The Inconvenient Truth About HubSpot’s Website Grader


I’ve come across a few blogs reviewing the use of Website Grader from Hubspot and they all have mixed reviews. Over the course of 2009 until now, I have to say that we have found the results to be inconsistent at best. We’ve ensured that our site is not only W3C Valid, but also have passed the initial 508 Compliance tests from Cynthia Says for our home page, Checked with DomainTools on our SEO score (We score 100% on all metrics there), have listed ourselves in the paid Yahoo! Directory and are listed in the DMOZ.

Not only that, we’ve turned on GZIP Compression in Apache using mod_gzip and mod_deflate, tuned Apache, PHP and MySQL, enabled all other sorts of goodies for security and speed, turned on all types of Caching, checked our headers and then did the entire process all over again when we migrated servers. We just can’t seem to get past the 95-98.6% range on Website Grader. The one good thing of all of this is that our Alexa ranking is improving dramatically and we’re still #1 in our area for what we do.

HubSpot has said many times over that they are not selling SEO “snake oil”…but if you sign up for their 7 day free trial, you’ll find a hefty $9000.00 price-point PER YEAR with a $500.00 setup fee if you want to continue. Surely they know who they want to market to with that kind of investment for one company. With a “free SEO tool”, pushing someone to eventually spend this much money is a bit absurd to find out information that you could have Googled or found with another “free SEO tool”.

Hubspot says this about their product:

HubSpot’s software helps you take advantage of the changing nature of how people research and shop for products – bringing together a suite of Internet marketing tools for the small or medium sized business, including tools for search engine optimization, business blogging, website content publishing, lead tracking and intelligence, marketing analytics, and competitor analysis. HubSpot is web-based, does not require any IT staff, and is designed to be used by a marketing person, not a techie.

While this may be true, it only gives a very topographical look – more correctly as one blog put it as a “website check engine light”. Now, what really, honestly, confuses me is when searching Google for Website Grader, I managed to pull up a site that not only has a poor design, but it scores higher than we do on Website Grader. Check this out. How does a site with that many errors get listed as 99.3? has a 99.5 and about the same number of errors. So, why is it when we take all of these measures to CORRECT the things that HubSpot are listed as wrong that we are scored lower in light of the two sites that have multiple Website Grader errors and score higher? This seems backwards. Why put your trust in a company that asks for this much money and does not accurately depict a website?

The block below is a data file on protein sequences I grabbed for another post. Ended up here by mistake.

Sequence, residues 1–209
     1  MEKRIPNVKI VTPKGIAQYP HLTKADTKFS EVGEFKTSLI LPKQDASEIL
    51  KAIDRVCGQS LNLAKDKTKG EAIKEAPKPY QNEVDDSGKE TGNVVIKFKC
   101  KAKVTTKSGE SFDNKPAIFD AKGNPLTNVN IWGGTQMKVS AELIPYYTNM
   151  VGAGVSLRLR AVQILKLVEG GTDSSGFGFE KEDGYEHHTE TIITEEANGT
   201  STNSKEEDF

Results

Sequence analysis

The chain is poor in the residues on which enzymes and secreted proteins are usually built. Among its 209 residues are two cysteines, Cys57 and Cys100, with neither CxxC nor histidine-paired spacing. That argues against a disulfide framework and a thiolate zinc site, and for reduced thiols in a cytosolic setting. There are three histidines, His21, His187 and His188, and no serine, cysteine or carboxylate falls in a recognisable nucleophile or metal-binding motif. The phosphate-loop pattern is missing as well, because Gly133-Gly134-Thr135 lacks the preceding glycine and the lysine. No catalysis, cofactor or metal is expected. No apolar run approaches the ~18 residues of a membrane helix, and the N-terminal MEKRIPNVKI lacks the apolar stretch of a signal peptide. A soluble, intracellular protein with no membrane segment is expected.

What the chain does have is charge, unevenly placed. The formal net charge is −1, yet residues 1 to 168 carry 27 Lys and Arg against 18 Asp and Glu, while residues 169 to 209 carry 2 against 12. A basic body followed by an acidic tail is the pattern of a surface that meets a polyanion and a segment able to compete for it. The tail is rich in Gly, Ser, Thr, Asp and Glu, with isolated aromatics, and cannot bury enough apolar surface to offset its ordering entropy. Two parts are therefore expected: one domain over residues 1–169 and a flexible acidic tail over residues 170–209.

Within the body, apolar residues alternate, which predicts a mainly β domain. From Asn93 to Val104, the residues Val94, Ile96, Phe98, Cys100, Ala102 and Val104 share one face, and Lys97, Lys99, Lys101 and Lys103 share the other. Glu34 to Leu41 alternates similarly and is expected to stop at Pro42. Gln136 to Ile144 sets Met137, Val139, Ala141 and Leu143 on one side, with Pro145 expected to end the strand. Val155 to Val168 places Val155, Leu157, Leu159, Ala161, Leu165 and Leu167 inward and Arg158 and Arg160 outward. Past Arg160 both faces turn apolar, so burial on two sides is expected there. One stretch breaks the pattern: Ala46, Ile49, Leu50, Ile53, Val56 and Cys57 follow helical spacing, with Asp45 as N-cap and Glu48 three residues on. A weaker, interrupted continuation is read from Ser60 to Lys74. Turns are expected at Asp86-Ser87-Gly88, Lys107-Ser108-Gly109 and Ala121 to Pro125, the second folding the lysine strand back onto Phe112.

On another note, you can order effective and worthy SEO services from TurkReno Incorporated at our online store for much less than HubSpot is asking for.

Comments are welcome.

5 replies
  1. kimberly mccabe
    kimberly mccabe says:

    Design itself effects the visitor not necessarily the SEO – of course many elements of the architecture of your site do such as SEO-friendly URLs. I was able to raise some of my rankings higher with a short trial of HubSpot than months of paying an apparent “well known” and praised SEO consultant. Of course we don’t know HubSpot’s algorithm…that’s proprietary, no? Anyway, I was curious about reading more about your blog till I hit the obvious sales pitch at the bottom.

  2. Charlotte Hughes
    Charlotte Hughes says:

    What are the best SEO Tools on the market today? i have some off page optimization checker in hand.

  3. Margorie Pour
    Margorie Pour says:

    Please could somebody aid me with any kind of material about being ranked in google places. I have a client who desires to rank well and I cant seem to get any rankings. Virtually any assistance appreciated. Appreciate it

    • TurkReno
      TurkReno says:

      Sure. Ranking is usually dependant upon PageRank as well as a number of other factors like the amount of involvement in Social Media, the age of your domain name/registration, the length of registration for your domain name, the number/length and type of alpha-numeric characters in the domain name you are using, how many links back your domain name has from multiple types of classifications/types of sites…The list goes on and on. If you haven’t before, start with validating your website to W3C Compliancy. Then, if you are the owner of that particular Google Places listing, make sure you have claimed that listing. If you attach a website to it, the ranking/listing of the Places SERP could be highly influenced. Make sure you complete the listing with photos, at least, and video. Leave it alone for at least a week or two unless you see the changes you want immediately.


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